The new album is out! You can stream it here on Spotify. Here's the record label hype...
A Hammond B-3 organ. A Fender Rhodes. A vibraphone. A flute. A piano. A ton of drums. And beats. And beats. And more beats.
That's what defines Still Sticky, the latest from bassist/producer Alan Goldsher, which will be available April 10, 2020 via all major digital music platforms. But unlike Goldsher's four previous Gold Note Records projects, this one features a band.
"My other albums were sound collages," Alan explains, "but here, I opted for sonic unity. Each tune features a vibraphonist, an organist, a bassist, and a drummer, with a flute and a piano making cameos. Granted, I created all the sounds myself, but my goodness, it sounds like a legit group."
Still Sticky fits under Alan's jazztronica umbrella, but it's funkier and more soulful than its predecessors. Goldsher says, "The organ/vibes frontline makes it sound like it's right out of 1973," Goldsher says, "but the beats are pure here and now."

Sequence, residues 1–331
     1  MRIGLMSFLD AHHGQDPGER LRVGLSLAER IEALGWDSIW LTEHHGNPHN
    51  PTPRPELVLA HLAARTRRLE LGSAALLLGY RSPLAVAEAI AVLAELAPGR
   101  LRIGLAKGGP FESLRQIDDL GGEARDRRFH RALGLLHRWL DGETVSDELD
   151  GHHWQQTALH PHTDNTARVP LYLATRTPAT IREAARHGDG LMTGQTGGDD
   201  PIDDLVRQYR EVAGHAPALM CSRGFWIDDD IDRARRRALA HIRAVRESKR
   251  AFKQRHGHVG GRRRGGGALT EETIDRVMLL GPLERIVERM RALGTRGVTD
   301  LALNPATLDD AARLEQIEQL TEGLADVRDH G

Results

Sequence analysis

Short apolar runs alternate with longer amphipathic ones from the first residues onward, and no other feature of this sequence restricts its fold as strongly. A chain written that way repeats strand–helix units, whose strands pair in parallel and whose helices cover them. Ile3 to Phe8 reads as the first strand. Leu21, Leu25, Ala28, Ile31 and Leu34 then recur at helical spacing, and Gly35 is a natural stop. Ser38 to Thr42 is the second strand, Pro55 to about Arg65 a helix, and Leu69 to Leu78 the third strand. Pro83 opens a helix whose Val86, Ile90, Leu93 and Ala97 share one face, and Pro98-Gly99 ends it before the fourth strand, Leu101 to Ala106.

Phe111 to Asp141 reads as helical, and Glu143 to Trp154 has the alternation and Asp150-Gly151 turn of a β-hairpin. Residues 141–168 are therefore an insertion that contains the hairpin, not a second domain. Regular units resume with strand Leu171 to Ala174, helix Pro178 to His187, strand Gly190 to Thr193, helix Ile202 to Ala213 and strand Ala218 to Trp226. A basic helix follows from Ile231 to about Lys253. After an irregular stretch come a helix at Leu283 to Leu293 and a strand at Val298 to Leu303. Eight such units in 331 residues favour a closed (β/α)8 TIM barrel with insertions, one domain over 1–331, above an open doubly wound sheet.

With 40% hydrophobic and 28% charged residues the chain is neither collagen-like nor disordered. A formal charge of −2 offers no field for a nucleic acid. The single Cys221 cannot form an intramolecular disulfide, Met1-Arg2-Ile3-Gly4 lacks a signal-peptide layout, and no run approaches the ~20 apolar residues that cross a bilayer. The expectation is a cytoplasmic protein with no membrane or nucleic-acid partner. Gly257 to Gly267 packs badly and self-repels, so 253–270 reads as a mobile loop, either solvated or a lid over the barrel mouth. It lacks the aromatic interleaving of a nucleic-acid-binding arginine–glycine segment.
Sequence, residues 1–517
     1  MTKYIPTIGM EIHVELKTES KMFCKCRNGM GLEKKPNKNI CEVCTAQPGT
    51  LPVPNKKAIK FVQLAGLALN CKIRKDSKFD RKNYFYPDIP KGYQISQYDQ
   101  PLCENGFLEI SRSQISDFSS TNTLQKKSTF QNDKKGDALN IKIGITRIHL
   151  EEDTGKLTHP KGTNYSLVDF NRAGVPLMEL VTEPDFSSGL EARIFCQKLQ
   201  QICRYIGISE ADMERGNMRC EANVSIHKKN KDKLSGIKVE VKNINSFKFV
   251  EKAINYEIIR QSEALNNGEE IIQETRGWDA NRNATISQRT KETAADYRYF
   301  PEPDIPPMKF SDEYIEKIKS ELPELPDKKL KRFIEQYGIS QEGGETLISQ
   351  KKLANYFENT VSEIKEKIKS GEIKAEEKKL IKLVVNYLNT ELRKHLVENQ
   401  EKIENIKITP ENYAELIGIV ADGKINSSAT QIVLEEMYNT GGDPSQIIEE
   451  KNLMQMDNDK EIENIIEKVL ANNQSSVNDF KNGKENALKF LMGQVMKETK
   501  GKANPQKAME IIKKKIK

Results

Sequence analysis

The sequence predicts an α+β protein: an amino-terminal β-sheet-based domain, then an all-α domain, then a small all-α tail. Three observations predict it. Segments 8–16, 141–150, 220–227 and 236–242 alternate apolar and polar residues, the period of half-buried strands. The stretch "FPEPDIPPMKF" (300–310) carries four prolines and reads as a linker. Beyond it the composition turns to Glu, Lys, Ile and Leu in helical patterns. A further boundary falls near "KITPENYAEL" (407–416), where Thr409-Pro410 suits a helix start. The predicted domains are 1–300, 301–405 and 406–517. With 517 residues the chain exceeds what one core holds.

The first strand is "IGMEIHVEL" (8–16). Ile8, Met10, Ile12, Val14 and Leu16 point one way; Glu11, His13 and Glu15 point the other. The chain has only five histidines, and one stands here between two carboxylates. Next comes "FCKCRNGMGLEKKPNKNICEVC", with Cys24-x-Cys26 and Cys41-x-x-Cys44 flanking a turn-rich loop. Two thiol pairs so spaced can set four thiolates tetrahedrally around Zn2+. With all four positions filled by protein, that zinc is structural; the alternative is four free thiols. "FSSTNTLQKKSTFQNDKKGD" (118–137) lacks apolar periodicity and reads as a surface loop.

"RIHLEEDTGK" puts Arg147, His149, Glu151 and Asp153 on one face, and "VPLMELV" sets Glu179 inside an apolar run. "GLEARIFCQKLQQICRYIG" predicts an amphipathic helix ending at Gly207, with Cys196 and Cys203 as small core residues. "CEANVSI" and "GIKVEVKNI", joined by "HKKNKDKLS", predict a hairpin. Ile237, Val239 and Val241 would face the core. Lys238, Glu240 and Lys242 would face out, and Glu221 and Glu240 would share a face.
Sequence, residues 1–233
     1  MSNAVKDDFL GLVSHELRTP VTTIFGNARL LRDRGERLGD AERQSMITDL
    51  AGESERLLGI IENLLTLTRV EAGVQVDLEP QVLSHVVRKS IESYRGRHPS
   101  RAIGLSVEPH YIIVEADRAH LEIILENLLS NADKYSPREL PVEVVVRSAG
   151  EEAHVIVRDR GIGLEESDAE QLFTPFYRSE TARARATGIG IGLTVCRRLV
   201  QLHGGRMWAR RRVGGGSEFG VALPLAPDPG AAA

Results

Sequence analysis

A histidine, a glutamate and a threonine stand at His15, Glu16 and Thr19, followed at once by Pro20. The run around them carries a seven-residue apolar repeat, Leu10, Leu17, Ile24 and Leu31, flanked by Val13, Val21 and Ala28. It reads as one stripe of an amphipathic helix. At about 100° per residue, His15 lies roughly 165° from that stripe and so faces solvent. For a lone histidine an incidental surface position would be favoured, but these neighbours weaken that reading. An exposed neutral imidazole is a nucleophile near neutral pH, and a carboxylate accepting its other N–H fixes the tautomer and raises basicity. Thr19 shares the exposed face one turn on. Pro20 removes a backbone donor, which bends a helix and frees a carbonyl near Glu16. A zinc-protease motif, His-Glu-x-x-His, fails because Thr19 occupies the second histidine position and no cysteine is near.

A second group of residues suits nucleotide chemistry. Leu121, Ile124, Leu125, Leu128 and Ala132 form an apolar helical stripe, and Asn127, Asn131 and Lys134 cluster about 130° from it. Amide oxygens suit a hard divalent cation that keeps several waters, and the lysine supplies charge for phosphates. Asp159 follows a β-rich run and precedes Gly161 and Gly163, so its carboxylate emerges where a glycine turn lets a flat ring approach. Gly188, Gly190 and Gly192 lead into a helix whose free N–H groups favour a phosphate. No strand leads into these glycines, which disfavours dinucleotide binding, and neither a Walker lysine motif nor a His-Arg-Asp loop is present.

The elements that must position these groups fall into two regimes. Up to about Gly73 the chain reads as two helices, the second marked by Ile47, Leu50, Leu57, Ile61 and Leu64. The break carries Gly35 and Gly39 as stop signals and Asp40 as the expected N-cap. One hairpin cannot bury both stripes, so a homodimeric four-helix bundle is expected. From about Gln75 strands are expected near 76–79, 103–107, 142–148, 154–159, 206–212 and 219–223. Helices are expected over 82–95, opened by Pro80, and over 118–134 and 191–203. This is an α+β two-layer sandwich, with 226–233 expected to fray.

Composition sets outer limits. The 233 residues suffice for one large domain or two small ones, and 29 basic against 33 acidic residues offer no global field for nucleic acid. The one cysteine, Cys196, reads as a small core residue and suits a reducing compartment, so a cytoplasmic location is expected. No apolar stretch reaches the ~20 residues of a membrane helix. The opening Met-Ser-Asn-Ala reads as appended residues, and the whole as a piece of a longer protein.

The album features five original tunes, among them "Ayers It Out," Alan's dedication to jazz/soul vibraphone legend Roy Ayers. "That is one greasy song," Alan smiles. "Straight up grease." With a stick-in-your-head melody and a pounding piano solo, "Ayers It Out" will fit on the radio, in a club, or at a lounge.
Of the four cover songs, Alan's take on the Knack's "My Sharona" is the goofiest. "It's a fast-as-hell drum-and-bass groove, and I still can't figure out how I managed to keep up with the tempo."
Still Sticky comes on the heels of Big Al Bassman Funks Up the Jazz Classics, an album that garnered over 10,000 Spotify streams and a feature in Jazz Times magazine.
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